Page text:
A British family has just had to cancel their summer holiday in Spain after squatters took over their villa in Javea on the Costa Blanca. With the Covid-19 crisis hitting the economy, and the hard-left in power, squatting is a problem that second-home owners need to bear in mind.
The Spanish press reports that a British family with a nice big 12-bedroom villa (pictured) in the upmarket beach resort of Javea (Alicante), on the north Costa Blanca, has just had to cancel their summer holiday in Spain as their villa has been occupied by squatters, known locally as okupas.
The family were due to arrive this Saturday to stay in their villa, which they purchased four years ago, but the takeover of their property by squatters means they have had to cancel their flights and stay at home in the UK, no doubt now struggling to understand how they get their property back.
Evelin, the lady employed to look after the property, discovered the squatters last week, when she arrived at the villa to find the locks broken, and washing hanging out to dry. Inside were a couple making themselves at home.
When she took photos of them they called the police and reported her for threatening behaviour. According to the press, police turned up and warned Evelin that the squatters have every right to stay in the property until they are removed by court order, which could take months or years. The fact is that squatters in Spain are indulged by the law, which seems to take more care of them than owners.
Second-home squat in Spain
This case shows that owners of second-homes in Spain need to keep the risk of squatters in mind, and take measures to minimise the risk.
Some friends of mine with a second-home in the countryside of the Empordà, inland from the Costa Brava, recently found their property occupied by squatters, and I know of a flat in Barcelona’s Raval that is also now a squat, so I get the feeling the problem is on the rise.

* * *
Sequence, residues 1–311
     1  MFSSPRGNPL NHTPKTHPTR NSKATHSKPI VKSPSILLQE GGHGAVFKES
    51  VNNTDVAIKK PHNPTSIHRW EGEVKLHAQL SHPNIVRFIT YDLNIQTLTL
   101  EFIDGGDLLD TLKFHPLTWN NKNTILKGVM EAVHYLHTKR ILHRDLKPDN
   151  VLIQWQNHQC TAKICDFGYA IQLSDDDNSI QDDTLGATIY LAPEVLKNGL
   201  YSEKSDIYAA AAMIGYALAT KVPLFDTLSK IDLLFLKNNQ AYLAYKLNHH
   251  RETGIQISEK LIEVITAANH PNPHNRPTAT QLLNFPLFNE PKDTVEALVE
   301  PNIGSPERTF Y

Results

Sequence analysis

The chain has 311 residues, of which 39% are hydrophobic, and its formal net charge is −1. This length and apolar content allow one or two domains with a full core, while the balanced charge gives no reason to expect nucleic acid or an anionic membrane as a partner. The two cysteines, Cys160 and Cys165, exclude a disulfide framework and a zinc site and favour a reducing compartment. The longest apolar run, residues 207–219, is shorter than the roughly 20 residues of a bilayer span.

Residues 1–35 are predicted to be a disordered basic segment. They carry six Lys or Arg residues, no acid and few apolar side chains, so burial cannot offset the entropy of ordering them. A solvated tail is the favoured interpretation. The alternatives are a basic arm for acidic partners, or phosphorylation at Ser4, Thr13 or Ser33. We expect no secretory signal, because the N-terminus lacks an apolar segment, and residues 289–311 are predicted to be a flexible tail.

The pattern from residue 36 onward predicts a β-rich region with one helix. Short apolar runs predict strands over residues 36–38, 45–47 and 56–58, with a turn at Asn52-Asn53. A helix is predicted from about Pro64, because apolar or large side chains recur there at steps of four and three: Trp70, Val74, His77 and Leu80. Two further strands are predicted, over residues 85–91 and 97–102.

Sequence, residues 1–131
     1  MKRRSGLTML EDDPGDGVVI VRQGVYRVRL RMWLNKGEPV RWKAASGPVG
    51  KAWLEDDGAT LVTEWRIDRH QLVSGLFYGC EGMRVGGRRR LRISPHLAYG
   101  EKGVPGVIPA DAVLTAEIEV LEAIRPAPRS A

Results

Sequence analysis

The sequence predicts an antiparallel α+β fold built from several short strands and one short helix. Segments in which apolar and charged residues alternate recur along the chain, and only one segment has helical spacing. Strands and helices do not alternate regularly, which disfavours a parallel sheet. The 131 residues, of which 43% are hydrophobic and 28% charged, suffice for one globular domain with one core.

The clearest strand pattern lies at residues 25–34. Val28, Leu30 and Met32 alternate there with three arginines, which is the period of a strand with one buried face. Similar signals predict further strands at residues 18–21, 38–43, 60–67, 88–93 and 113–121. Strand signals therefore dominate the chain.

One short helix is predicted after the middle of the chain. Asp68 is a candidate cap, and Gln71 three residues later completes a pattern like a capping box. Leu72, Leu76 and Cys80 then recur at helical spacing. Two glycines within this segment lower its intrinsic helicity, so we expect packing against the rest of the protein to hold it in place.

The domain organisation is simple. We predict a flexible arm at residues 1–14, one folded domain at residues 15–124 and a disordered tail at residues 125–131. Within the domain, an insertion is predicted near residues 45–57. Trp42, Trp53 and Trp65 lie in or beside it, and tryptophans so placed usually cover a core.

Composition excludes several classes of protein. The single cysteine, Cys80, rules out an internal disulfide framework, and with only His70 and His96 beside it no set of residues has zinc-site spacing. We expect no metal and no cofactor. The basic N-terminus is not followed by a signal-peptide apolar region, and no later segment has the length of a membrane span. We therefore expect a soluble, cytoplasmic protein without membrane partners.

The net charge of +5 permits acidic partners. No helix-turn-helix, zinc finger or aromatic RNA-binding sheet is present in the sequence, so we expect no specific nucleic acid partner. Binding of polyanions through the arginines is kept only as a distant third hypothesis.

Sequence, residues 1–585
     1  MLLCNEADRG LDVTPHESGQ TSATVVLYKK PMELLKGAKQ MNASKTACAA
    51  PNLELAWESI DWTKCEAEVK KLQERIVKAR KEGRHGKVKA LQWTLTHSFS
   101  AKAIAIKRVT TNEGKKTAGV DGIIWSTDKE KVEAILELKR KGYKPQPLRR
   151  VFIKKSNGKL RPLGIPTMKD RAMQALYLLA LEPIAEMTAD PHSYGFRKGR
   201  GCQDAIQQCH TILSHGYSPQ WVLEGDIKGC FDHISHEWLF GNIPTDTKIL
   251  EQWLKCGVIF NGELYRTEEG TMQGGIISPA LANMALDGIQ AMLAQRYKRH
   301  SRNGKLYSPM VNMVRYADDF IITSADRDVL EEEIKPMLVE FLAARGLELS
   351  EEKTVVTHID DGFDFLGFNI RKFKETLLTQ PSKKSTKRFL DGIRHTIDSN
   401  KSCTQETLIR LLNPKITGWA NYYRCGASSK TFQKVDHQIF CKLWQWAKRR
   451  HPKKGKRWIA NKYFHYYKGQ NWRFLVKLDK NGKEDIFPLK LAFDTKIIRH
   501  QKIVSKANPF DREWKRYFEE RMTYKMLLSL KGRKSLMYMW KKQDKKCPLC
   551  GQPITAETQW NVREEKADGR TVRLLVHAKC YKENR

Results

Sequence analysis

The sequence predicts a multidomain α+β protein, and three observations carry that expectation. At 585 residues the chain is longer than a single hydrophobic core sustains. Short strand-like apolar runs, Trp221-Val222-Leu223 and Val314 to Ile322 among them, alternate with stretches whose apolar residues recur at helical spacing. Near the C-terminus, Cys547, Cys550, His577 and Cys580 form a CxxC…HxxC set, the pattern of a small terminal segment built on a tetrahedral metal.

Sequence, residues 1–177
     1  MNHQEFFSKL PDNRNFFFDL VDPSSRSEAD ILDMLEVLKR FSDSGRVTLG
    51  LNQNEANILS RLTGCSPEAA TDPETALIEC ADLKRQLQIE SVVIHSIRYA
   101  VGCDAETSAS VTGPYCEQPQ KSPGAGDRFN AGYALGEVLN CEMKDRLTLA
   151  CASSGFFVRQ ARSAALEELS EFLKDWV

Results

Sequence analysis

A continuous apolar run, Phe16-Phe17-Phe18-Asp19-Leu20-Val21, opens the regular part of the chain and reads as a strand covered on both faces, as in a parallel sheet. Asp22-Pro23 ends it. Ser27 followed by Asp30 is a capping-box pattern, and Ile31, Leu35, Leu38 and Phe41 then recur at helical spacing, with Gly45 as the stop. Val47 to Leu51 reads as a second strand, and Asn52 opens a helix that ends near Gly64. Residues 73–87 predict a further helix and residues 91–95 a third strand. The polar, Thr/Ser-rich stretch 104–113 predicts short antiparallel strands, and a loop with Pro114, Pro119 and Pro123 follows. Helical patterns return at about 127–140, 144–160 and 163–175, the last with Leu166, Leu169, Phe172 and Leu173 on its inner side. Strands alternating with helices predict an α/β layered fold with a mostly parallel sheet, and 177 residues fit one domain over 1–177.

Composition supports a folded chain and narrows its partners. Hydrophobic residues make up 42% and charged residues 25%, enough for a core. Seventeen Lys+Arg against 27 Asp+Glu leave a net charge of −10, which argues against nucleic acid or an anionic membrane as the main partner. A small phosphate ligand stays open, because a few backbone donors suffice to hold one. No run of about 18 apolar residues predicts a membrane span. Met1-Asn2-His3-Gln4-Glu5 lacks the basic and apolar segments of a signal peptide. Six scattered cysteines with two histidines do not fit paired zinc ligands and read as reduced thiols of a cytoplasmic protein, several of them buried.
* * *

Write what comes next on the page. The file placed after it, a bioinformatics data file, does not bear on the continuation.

The economic crisis bearing down on us with Covid-19 is bound to increase the number of people who turn to squatting as a last resort, though much, if not most, of squatting in Spain is said to be organised by mafias and gangs.
Squatters also now have friends in high places. Ada Colau, the Mayoress of Barcelona, is a former squatter activist, and the hard-left Vice President of Spain, Pablo Iglesias has made a big show of sitting down with squatter activist groups to discuss housing policy. Though the Spanish right recently proposed changing the law to clamp down on squatters, as things stand they are treated softly by Spanish law, and that’s unlikely to change whilst the hard-left are in power.
It’s not just second-home owners who need to worry about the risk of squatters. Every year, after the summer, the Spanish press reports sad cases of people who get home from holiday only to find the locks changed and squatters in residence. They are then left homeless whilst they struggle with the time, costs, and anxiety of getting their home back, which can take months.
So, it’s worth taking the risk of squatters in Spain seriously. There are several things you can do to mitigate the risk of seeing your Spanish home taken over by squatters, like install an alarm or Spanish home-surveillance system. I’ll investigate all the options, and report back over the summer. In the meantime, read this article by legal expert Raymundo Larrain Nesbitt how to evict a squatter (okupa) in Spain.